A Review of “A Year of Biblical Womanhood”

This is going to be a long post. I intended to write a short book review, but it swelled into something more. So here we go!

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This book will undoubtedly be loved by many, but also hated by many. The concept is not a new one – A.J. Jacobs wrote The Year of Living Biblically: One Man’s Humble Quest to Follow the Bible as Literally as Possible.  Nonetheless, this book follows a woman’s perspective and is therefore in many ways quite different. Rachel Held Evans divides her book – A Year of Biblical Womanhood: How a Liberated Woman Found Herself Sitting on Her Roof, Covering Her Head, and Calling Her Husband “Master” into twelve chapters, one for each month. Each month is then dedicated to a single virtue or trait. She addresses 1) Gentleness 2) Domesticity 3) Obedience 4) Valour 5) Beauty 6)Modesty 7) Purity 8) Fertility 9) Submission 10) Justice 11) Silence and 12) Grace.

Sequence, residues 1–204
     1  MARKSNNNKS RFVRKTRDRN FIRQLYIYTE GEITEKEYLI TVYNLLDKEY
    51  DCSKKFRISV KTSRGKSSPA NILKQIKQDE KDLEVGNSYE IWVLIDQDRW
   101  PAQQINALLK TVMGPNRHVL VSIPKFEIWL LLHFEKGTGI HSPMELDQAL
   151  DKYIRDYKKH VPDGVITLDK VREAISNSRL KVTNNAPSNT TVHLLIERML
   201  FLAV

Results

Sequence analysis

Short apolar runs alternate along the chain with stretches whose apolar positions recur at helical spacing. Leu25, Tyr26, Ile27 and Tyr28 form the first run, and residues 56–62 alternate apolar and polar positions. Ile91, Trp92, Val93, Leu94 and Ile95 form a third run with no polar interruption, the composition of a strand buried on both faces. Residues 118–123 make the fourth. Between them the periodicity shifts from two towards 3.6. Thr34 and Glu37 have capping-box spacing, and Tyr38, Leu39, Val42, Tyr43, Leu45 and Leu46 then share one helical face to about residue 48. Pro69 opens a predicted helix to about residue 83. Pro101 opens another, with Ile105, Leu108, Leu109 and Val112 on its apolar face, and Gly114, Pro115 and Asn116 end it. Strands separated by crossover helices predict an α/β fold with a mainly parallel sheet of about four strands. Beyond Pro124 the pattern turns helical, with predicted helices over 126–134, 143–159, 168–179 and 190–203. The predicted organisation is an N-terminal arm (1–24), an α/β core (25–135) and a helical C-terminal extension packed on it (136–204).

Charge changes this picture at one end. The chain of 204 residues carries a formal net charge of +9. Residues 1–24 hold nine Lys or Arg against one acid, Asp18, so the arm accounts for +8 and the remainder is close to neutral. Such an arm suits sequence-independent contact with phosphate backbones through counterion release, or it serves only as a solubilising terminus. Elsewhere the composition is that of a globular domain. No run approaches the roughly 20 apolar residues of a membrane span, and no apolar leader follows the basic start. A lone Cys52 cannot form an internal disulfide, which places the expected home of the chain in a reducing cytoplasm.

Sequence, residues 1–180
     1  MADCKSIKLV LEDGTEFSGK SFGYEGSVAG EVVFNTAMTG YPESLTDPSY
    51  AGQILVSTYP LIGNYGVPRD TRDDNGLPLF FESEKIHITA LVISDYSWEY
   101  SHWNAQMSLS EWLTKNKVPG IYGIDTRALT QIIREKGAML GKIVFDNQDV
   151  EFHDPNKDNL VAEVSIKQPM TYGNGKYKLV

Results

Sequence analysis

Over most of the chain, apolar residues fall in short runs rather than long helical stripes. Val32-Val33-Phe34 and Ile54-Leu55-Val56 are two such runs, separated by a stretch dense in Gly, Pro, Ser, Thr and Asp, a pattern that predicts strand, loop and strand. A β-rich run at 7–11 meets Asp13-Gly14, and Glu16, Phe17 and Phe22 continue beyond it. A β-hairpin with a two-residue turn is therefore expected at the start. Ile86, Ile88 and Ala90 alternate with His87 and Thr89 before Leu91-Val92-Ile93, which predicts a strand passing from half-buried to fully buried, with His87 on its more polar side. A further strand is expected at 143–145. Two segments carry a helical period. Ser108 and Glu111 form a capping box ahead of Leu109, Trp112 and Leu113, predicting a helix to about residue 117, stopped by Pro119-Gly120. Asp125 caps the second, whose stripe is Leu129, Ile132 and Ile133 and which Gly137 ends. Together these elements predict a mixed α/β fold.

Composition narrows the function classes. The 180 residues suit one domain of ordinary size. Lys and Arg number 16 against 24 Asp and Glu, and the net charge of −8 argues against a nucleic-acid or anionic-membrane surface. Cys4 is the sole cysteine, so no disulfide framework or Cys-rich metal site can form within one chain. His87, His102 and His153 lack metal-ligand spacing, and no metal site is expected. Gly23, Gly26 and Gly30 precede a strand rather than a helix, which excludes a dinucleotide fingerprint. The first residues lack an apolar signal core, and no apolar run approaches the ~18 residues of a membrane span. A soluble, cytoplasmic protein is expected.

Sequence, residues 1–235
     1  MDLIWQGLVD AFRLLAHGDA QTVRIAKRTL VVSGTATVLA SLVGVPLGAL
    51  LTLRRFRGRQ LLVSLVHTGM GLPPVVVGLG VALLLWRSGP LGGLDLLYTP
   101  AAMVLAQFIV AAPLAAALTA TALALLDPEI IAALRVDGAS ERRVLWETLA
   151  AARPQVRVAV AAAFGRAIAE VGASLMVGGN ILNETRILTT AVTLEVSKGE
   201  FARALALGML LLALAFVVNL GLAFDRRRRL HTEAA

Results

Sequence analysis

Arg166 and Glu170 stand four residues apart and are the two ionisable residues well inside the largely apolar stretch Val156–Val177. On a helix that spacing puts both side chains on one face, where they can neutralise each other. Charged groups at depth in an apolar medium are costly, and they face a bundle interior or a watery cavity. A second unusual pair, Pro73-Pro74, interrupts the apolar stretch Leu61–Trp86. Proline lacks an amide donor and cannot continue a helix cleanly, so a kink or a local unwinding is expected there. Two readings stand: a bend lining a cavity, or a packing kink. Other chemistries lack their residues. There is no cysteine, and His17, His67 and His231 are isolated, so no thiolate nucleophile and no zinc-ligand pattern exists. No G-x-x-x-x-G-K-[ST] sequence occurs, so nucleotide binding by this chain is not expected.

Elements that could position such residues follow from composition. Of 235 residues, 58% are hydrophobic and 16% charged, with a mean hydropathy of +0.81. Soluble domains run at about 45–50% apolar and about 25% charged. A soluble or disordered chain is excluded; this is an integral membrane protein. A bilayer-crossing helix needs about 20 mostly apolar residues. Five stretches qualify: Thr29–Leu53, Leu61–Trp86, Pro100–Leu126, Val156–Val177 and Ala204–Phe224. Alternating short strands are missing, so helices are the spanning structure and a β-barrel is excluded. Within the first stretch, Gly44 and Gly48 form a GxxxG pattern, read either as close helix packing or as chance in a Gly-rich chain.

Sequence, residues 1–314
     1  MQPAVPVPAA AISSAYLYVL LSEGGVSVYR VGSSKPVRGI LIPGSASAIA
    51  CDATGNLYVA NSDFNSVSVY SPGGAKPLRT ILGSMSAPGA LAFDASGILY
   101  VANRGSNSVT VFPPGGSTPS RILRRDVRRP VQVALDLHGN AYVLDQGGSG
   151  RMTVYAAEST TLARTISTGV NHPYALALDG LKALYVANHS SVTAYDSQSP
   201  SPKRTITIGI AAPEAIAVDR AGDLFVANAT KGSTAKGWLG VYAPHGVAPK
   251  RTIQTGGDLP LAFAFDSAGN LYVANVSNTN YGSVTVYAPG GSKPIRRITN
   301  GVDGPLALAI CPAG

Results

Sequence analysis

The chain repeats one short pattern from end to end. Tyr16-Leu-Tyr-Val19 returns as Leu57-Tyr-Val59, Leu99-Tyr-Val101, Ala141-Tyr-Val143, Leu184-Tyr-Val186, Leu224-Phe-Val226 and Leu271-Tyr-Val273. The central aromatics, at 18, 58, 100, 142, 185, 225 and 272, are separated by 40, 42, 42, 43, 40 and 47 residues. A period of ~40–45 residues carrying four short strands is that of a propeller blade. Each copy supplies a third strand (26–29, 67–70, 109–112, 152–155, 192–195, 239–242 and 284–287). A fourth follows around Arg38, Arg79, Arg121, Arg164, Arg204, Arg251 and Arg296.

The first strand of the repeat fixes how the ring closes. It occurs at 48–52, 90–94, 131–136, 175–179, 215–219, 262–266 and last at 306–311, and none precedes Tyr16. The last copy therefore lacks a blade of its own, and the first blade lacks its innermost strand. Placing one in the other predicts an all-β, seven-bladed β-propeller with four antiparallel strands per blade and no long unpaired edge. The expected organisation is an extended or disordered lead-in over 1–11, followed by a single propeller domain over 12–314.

Since a teenager I have often wondered about women’s roles within the confines of marriage, church and society as a whole. While Evans’ book certainly didn’t answer many questions, she did offer up some thoughtful tidbits which led me to look more closely at the Bible and ponder more deeply its words.

There were several points that she made that served more as a reminder than anything else. For example she states:

” …the ‘gentle and quiet spirit’ Peter wrote about is not, in fact, an exclusively feminine virtue, but is elevated throughout the New Testament as a trait expected of all Christians. Jesus used the same word – praus, in Greek – to describe himself as ‘gentle and humble in heart’ (Matthew 11:29). … Far from connoting timidity or docility, gentleness is associated with integrity and self-control, particularly in the face of persecution.” – 16

This was a welcome reminder of what it means to have a “gentle and quiet spirit,” especially considering how often I lack timidity (I may or may not put my foot in my mouth from time to time).

Perhaps one of my favourite statements in the book was that:

“Peace and joy belong not to the woman who finds the right vocation, but to the woman who finds God in any vocation.” – 30